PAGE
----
• Uncorrected Myopia’s Impact on Productivity

    By Lynda Seminara
    Selected By: Stephen D. McLeod, MD

    Journal Highlights

    Ophthalmology, March 2019

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    Naidoo et al. aimed to estimate the loss of productivity associated with the global burden of myopia. They found that, even by conservative estimation, the potential loss in productivity linked to uncorrected myopia outweighs the cost of correction.

    For their study, the authors per­formed a systematic review and meta-analysis to estimate the number of peo­ple with myopia and myopic macular degeneration (MMD), stratified by vi­sual acuity thresholds. The percentages of myopes who had spectacle correction were compared with country-level variables for the year of data collection (2015). Variation in spectacle correction was represented by a model based on the human development index, with adjustment for age and urbanization.

    The authors combined data for spectacle correction with myopia data, from which they estimated the number of people with each predefined visual-impairment level of uncorrected myopia (from mild myopia to blindness). They applied disability weights, em­ployment rates, labor-force participa­tion rates, and gross domestic product per capita to estimate the degree of productivity loss among individuals with each level and type of myopia-related visual impairment in 2015, expressed in U.S. dollars.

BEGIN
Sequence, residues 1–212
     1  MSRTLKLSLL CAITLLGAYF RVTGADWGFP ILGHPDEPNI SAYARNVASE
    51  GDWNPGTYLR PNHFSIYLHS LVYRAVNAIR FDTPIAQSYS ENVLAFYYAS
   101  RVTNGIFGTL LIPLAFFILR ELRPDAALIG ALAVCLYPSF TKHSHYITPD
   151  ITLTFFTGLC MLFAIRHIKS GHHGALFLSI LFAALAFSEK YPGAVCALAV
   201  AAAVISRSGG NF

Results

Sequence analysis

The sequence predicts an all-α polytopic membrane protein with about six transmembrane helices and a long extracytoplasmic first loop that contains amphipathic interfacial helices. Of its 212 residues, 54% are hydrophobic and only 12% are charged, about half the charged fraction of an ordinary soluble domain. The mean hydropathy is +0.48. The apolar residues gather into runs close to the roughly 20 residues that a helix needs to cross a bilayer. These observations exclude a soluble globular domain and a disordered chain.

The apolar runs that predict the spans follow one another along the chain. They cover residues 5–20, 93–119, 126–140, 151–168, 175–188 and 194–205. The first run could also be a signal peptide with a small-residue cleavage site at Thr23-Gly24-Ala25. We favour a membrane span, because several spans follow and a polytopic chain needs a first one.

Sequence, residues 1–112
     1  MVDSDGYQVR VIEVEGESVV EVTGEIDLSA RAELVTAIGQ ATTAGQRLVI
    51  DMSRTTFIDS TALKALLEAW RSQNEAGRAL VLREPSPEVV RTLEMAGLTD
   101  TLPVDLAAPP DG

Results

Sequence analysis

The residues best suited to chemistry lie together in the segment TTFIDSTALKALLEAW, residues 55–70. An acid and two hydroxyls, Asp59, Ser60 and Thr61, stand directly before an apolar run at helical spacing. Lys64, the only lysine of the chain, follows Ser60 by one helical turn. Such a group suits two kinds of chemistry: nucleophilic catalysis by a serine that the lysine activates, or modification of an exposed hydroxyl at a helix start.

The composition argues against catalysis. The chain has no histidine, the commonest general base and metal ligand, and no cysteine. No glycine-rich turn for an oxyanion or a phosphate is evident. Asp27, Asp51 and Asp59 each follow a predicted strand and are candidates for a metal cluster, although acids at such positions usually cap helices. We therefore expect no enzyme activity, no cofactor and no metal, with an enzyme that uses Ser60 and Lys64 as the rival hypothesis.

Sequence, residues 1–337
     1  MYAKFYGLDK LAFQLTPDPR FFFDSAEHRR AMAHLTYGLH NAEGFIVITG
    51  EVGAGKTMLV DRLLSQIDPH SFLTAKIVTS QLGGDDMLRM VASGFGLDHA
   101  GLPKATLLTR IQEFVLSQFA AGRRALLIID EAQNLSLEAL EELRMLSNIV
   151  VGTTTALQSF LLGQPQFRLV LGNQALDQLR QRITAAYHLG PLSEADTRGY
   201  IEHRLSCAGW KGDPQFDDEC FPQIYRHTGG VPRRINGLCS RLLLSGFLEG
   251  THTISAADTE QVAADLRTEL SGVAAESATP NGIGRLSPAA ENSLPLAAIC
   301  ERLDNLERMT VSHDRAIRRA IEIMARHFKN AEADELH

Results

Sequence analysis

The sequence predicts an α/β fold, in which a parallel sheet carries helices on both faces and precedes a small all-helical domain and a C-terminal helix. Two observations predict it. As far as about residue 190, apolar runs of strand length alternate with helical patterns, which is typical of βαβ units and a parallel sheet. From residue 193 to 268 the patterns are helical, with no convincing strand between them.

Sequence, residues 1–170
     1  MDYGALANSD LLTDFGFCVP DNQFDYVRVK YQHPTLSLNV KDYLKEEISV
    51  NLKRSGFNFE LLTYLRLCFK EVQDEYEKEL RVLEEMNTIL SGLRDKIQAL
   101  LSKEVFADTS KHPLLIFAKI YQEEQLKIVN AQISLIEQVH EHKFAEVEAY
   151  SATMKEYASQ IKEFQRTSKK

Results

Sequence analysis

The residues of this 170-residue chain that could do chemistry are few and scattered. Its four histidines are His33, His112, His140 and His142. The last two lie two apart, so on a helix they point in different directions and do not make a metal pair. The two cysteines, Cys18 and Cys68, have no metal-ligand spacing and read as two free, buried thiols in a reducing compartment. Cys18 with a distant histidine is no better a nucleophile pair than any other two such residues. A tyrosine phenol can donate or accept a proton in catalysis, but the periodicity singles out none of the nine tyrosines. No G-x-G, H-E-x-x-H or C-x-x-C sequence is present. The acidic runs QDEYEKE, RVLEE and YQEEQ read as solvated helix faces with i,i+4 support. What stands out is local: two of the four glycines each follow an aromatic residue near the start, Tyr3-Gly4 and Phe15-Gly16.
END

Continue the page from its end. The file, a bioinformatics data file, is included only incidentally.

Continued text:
Their analyses showed that adequate correction of myopia is less common for older people who live in rural areas of less-developed countries. In 2015, the estimated global productivity loss associated with visual impairment was $244 billion for uncorrected myopia (95% confidence interval [CI], $49 billion to $697 billion) and $6 billion for MMD (95% CI, $2 billion to $17 billion). The regions with the greatest burden as a proportion of their eco­nomic activity were Southeast Asia, South Asia, and East Asia. The region with the greatest absolute burden was East Asia.

    Understanding the economic burden of uncorrected visual impairment is crucial for addressing public health problems such as myopia. The authors emphasized that the productivity effects of myopia should be considered in a broader framework by policymakers. Findings of their study highlight the economic value of interventions.

    The original article can be found here.